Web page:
A female personage, a retired headmistress who was known to strike fear into teaching staff and pupils alike, then in her mid-70's but having all her marbles well and truly at home, on being asked the question pointed to the 3-wide bus seat that she was sat upon and made the comment...."Young man, I travel upon this railway line to travel on what resembles a train. Had I wished to travel by bus, then I would have done so".
 

tbtc

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On "subsidy" threads, it's always pointed out that it's unfair that the franchise boundaries put all the "local" services together - and it's an artificial collection of routes that doesn't reflect all of northern England...

...yet on the "north/south" threads the same people are perfectly happy to give the impression that the "no new trains" applies to all of northern England (ignoring the 175s, 180s, 185s, 220s, 221s, 350s, 390s and a token amount of 222s that we see).

Apart from Rotherham (one 185 stops there a day IIRC) and Barnsley (used to have Midland Mainline 170s a couple of times a day but obviously no longer), I can't think of any major place in northern England that does't see post-privatisation stock stopping there.

Yes, there's not been any new trains on the most "local" services since the 333s were introduced, but what about the old Wessex franchise? Or the old Valley Lines franchise? Except that they were rolled into bigger regional franchises, so the 1980s DMUs don't stick out as much. If TPE and Northern were merged would people shut up about the "no new trains since..." argument?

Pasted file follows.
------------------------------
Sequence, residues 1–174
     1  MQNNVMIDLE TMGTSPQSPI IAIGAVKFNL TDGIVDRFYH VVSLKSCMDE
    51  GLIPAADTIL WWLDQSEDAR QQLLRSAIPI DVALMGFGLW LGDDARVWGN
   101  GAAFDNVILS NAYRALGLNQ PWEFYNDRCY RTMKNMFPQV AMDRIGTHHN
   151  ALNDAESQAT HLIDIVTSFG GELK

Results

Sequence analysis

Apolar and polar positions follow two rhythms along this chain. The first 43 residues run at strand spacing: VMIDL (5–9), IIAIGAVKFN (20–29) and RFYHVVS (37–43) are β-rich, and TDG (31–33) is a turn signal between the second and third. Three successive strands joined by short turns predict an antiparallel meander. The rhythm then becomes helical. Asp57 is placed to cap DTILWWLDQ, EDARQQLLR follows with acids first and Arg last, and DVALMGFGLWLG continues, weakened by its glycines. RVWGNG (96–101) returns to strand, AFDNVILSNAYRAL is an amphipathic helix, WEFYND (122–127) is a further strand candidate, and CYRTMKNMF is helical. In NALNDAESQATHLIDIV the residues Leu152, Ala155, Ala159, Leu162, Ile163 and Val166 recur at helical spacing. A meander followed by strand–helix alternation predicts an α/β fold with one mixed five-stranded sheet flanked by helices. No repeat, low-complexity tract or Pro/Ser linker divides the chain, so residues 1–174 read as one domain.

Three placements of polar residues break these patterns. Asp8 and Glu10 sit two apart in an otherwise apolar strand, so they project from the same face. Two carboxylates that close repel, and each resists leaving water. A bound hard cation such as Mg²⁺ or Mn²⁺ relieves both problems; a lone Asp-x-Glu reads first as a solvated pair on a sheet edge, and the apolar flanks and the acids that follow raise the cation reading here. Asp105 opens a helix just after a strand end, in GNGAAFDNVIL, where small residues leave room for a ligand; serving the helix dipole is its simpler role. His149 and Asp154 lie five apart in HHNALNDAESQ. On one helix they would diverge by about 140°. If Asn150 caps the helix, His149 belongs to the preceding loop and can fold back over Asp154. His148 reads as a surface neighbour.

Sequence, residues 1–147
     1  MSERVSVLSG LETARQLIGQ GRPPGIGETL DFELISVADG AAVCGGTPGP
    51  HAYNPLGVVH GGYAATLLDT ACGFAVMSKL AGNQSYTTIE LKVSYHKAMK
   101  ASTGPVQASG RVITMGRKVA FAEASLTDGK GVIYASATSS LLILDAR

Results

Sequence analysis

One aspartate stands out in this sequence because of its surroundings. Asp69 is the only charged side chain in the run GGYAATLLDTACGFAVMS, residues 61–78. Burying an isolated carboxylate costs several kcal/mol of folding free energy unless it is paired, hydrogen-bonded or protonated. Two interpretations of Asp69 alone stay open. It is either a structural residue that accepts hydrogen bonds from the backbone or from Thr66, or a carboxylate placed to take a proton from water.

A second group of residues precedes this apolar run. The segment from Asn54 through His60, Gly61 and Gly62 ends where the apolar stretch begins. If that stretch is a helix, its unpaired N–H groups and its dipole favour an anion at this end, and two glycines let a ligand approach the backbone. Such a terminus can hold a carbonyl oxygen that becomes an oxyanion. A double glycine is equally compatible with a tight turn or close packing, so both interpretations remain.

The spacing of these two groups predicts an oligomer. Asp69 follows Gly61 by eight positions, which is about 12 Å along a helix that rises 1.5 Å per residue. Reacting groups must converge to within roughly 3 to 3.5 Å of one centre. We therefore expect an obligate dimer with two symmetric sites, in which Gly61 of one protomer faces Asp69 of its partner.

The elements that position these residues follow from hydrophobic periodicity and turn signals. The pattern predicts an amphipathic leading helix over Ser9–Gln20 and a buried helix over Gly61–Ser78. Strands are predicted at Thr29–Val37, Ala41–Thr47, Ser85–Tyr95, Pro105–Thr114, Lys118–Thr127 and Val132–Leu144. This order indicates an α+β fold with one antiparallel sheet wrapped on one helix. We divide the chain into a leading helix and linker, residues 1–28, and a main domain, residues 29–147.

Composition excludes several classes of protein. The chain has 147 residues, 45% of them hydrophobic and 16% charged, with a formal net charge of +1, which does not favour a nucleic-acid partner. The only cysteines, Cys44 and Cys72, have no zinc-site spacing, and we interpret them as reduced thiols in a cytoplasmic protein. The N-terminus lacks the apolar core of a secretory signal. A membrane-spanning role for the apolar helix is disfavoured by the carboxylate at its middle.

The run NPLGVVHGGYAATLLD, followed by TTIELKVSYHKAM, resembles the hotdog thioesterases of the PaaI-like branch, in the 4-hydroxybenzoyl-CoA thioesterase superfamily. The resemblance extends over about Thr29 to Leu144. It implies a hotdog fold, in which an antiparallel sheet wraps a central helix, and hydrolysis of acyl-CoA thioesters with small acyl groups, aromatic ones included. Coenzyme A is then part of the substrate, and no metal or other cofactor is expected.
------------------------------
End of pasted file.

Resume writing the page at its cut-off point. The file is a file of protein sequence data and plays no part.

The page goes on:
There will be an item on Pacers on Look North Yorkshire at 1825-1855. Unfortunately I'll be out by then.
I saw the one at 22:30 yesterday, where they claimed at the start of the article that Pacers were "the oldest trains still running in Yorkshire" - given that HSTs were from the decade before Pacers, I gave up there!

The population of the North is twice that of London and the economy of Yorkshire is greater than that of many countries
So?

Surely passenger figures are much more important?

For mass transportation to work well you need population density, and London's population is denser than anywhere in Europe (insert punchline here, I know, I know...)

We just want the same spend per head of population as in the southeast but are a long, long way behind
"We"? Congratulations on being elected spokesperson for The North!

Do "we" also want the same subsidy per passenger mile as Big Bad London too?

About once a month, a new thread is posted about how the poor north suffers at the behest of London extravagance
Yup - here we go again! :roll:

Each time pseudo-facts and half-truths are trotted out about how the north gets 'London cast-offs' whilst London gets brand new trains
Yeah, it's infuriating - doesn't matter how many times the 313s and the Isle of Wight gets mentioned - people are convinced that "the North" is full of London cast offs - despite the fact that very few trains today have been cascaded like this (compare to BR who did this kind of thing more - e.g. the mid-life Deltics cascaded on to what we now call Transpennine, same with Peaks displaced from the MML)... facts don't matter to those with their agendas!